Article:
Rakon shares hit seven-month high as Taiwan's Siward takes cornerstone stake
Rakon shares hit their highest level in seven months after the high-tech components maker said it would raise $US10 million from Taiwan's Siward Crystal Technology, selling shares at a steep premium to repay debt while gaining a new partner with an established crystal manufacturer.
The shares rose as far as 28c, the highest since May, and were recently up 28% at 22c after Auckland-based Rakon said it will sell 38 million shares, or 17% of the company, at 37c apiece to Taiwan Stock Exchange-listed Siward in a placement that is expected to settle on February 15. As part of the deal, Siward will appoint a director to Rakon's board, which faced a shareholder revolt at this year's annual meeting that led to executive director Darren Robinson being dumped from the board.
The sale price is more than twice the 17.2c Rakon shares closed at yesterday, having slumped 44% this year as it sank back into losses.
Siward "is obviously going to get the benefit of Rakon's licensing and technology, and so that's probably a good reason why it would pay a premium but investors are still pretty cautious about the company, given its track record in the last number of years where it has disappointed shareholders hoping for a turnaround," said Grant Williamson, a director at Hamilton Hindin Greene in Christchurch. "Hopefully it's the turnaround the company needs."
As part of the deal, Rakon and Siward also signed a technology deed to work more closely on development and manufacturing.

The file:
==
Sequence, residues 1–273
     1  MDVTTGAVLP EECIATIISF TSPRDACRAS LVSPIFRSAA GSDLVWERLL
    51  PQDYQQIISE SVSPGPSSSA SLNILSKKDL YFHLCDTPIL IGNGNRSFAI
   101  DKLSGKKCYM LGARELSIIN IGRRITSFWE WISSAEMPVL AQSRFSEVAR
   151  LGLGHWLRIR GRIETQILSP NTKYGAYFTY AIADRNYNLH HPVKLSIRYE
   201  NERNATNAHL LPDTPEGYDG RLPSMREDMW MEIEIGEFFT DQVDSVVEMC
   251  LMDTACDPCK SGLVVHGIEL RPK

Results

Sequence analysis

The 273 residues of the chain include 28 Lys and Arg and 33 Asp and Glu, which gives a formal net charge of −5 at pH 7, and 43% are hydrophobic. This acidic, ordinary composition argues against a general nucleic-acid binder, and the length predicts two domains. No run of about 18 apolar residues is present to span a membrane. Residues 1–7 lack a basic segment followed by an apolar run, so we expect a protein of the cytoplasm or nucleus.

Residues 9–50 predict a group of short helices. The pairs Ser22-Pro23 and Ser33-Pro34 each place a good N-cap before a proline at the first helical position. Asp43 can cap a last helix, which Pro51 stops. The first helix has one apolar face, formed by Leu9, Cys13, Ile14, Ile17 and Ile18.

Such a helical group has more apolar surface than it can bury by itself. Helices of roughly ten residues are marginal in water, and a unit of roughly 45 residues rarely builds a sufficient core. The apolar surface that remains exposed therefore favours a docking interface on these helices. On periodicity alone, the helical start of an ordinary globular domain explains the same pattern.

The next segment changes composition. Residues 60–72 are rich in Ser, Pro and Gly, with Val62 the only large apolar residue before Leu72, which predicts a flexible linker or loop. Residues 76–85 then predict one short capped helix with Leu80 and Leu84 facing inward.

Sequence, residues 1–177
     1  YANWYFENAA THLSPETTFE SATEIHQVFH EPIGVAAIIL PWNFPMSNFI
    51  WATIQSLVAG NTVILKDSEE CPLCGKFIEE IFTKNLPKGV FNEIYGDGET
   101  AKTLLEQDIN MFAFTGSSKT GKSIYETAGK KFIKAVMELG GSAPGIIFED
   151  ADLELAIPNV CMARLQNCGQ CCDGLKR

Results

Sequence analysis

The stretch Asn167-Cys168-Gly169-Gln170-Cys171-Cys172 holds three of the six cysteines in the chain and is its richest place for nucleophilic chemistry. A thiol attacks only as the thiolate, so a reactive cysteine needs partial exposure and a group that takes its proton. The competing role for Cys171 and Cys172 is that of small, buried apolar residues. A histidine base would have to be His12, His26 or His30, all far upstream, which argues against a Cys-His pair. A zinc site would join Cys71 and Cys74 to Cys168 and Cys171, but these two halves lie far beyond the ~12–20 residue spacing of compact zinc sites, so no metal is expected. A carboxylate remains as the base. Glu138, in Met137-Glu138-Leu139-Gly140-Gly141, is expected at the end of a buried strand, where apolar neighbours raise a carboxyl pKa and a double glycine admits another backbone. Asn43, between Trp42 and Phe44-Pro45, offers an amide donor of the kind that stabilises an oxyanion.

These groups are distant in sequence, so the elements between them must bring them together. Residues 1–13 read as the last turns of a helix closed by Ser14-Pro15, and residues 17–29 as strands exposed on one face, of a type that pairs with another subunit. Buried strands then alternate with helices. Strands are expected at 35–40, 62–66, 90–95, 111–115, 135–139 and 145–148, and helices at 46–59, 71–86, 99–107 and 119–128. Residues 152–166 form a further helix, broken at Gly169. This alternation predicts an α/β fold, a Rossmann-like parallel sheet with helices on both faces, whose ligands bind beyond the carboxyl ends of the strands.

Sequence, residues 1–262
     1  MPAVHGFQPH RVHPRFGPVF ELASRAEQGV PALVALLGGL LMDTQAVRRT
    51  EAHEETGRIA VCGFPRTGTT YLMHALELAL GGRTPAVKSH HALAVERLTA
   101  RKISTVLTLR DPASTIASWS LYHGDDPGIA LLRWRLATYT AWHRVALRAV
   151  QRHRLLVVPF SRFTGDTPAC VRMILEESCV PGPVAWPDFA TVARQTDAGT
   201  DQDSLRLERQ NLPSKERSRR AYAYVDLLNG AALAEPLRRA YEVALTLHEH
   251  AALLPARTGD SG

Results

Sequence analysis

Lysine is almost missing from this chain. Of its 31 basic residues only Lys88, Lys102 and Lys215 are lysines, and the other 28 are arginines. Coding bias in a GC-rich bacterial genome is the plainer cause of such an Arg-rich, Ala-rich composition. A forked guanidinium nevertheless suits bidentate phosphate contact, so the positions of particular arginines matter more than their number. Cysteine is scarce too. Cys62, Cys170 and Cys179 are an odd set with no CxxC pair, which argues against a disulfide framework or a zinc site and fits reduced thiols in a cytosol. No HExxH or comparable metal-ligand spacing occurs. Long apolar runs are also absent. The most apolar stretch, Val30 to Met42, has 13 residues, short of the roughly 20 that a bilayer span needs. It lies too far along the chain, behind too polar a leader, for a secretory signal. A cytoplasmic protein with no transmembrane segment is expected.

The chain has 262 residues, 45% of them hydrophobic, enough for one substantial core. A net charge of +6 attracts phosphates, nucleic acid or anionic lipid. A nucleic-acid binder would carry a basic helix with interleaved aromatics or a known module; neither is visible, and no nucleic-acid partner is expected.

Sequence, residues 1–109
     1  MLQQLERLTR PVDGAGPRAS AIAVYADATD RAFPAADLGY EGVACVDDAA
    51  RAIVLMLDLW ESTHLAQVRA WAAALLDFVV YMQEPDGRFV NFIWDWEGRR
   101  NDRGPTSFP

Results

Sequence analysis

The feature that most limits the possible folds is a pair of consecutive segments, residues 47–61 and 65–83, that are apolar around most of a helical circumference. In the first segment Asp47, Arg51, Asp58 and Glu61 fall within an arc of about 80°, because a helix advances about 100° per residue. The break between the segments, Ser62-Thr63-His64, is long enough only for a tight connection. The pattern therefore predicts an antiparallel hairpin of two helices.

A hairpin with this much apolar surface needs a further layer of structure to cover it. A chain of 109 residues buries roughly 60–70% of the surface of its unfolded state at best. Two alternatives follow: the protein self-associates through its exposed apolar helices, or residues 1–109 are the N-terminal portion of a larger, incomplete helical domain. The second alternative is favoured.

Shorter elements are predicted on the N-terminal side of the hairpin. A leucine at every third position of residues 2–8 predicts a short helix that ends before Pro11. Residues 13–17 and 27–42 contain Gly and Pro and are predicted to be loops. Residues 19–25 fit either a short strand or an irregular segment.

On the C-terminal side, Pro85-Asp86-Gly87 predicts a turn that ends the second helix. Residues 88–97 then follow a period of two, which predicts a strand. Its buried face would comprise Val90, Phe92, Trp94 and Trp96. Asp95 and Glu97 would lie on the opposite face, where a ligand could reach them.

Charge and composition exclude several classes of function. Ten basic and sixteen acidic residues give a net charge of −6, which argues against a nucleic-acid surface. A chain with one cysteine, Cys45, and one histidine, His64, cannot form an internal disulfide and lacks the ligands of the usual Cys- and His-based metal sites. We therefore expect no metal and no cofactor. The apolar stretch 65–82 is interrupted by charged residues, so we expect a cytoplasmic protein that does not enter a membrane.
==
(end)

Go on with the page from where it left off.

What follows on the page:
"Siward's manufacturing scale and expertise is a perfect complement to Rakon's leading-edge technology," managing director Brent Robinson said. "This partnership will give both companies a broader range of products and alternative channels into new and exciting markets."
The Taiwanese company makes crystals and oscillators used in telecommunications and GPS devices, with operations in Taiwan, China, Japan, Singapore, the US and Europe.
Rakon tilted its focus to the telecommunications sector after rivals in the smart wireless market caught up, turning what was once a niche product into a commoditised one. The shift helped Rakon return to profitability in the March 2015 year but a slump in spending by network operators weighed on the Kiwi firm in 2016 and pushed it back into the red, with the company reporting a first-half loss of $5.7 million.
The company said it will use the $14.1 million raised to repay debt, which was at $22.8 million as at September 30, up $100,000 from a year earlier. Rakon was in a negative cash position of $688,000 as at September 30 as its operational cashflow turned negative in the half.
Rakon also said it's still seeking another New Zealand-based director and expects to make an announcement early next year.